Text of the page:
The Irvine-based tracking firm said the number of housing units in jeopardy of foreclosure, or which have been repossessed by lenders but not yet listed for sale, dropped from 2.6 million in July 2011 to 2.3 million in July 2012.
"Broadly speaking, the shadow inventory continued to shrink in July," said Anand Nallathambi, president and CEO of CoreLogic. "This is yet another hopeful sign that the housing market is slowly healing."
homeowners who are worried that the value of their homes could be further depressed by a wave of foreclosure sales.
The real estate market has generally been on a path toward recovery this year, with home prices pressed upward by the low inventory of homes on the market and record-low 30-year mortgage rates, which have fallen below 4 percent.
Experts have pointed to the shadow inventory as a potential threat to the fledgling upturn. Large numbers of foreclosed homes hitting the market could drive prices down.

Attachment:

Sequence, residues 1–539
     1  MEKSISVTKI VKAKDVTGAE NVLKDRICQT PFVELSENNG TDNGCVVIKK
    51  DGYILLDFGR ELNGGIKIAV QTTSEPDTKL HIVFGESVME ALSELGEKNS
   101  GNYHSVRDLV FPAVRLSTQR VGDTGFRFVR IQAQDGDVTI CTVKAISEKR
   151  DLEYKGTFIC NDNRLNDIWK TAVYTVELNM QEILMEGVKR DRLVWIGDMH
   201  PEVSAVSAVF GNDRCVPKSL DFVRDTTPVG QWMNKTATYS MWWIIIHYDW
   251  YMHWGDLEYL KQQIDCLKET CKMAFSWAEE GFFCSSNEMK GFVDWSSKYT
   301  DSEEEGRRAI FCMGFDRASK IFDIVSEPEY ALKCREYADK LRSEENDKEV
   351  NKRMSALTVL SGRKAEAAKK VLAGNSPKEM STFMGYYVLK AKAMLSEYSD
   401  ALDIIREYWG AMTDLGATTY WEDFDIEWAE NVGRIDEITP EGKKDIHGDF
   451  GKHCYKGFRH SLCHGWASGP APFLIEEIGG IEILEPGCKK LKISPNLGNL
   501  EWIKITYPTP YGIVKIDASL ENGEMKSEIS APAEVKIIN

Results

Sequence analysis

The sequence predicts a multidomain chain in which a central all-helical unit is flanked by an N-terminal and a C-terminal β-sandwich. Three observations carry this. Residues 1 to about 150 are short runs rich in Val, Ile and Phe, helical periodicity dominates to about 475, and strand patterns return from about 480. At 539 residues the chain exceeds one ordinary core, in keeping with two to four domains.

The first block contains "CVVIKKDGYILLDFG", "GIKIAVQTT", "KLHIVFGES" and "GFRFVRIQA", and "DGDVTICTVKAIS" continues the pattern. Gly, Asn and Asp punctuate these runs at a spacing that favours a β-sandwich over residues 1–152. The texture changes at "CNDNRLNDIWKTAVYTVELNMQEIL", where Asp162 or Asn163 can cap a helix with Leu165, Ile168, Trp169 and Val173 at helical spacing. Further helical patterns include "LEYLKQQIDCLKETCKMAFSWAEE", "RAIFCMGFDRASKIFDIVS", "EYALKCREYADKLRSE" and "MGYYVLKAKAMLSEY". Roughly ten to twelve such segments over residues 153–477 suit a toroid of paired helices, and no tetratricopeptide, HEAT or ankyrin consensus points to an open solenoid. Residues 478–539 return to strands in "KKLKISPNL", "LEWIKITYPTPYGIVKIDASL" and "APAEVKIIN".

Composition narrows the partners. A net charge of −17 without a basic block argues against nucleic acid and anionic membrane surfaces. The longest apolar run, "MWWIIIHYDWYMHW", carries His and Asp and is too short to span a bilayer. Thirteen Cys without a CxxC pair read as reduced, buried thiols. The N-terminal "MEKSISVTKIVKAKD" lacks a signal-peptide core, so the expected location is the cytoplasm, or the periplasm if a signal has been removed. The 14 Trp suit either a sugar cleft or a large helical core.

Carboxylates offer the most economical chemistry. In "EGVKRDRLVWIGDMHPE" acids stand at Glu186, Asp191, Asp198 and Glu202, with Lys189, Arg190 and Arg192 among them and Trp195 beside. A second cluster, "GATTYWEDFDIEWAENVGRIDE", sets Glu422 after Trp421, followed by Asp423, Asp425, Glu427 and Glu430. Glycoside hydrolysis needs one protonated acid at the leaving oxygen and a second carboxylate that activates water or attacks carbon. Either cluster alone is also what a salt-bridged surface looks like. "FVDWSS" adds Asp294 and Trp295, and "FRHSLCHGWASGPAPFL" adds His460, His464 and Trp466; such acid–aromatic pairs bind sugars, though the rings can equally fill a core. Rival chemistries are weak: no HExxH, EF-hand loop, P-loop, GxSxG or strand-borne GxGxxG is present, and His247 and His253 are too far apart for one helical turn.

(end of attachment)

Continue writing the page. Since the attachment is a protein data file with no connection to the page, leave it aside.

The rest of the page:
So far, however, the next big wave of foreclosure sales has yet to materialize here.
Pat Shea, president of Lyon Real Estate, said Tuesday that he thinks the threat posed by the shadow inventory has been overstated.
"I really don't think in the Sacramento region there's a big shadow inventory," Shea said.
Reliable local data on shadow inventory are hard to come by, he said, but investors are quickly buying foreclosed homes even as the banks allow a greater number of short sales.
The improving economy and alternatives to foreclosure, including short sales and loan modifications, have helped prevent homes from becoming part of the shadow inventory.
"I don't think we'll see a big increase" in the percentage of foreclosures on the market, he said.
CoreLogic said Tuesday that the amount of houses flowing into the foreclosure pipeline is roughly equal to the number of homes being sold as foreclosures or short sales, in which a lender takes less than what's owed.
The firm calculates the shadow inventory by adding the number of homes that are in foreclosure and those that are bank-owned but not yet for sale. Homes where owners are 90 days or more past due on their payments also are included.
Forty-five percent of all distressed properties are in five states: California, Florida, Illinois, New York and New Jersey, CoreLogic reported
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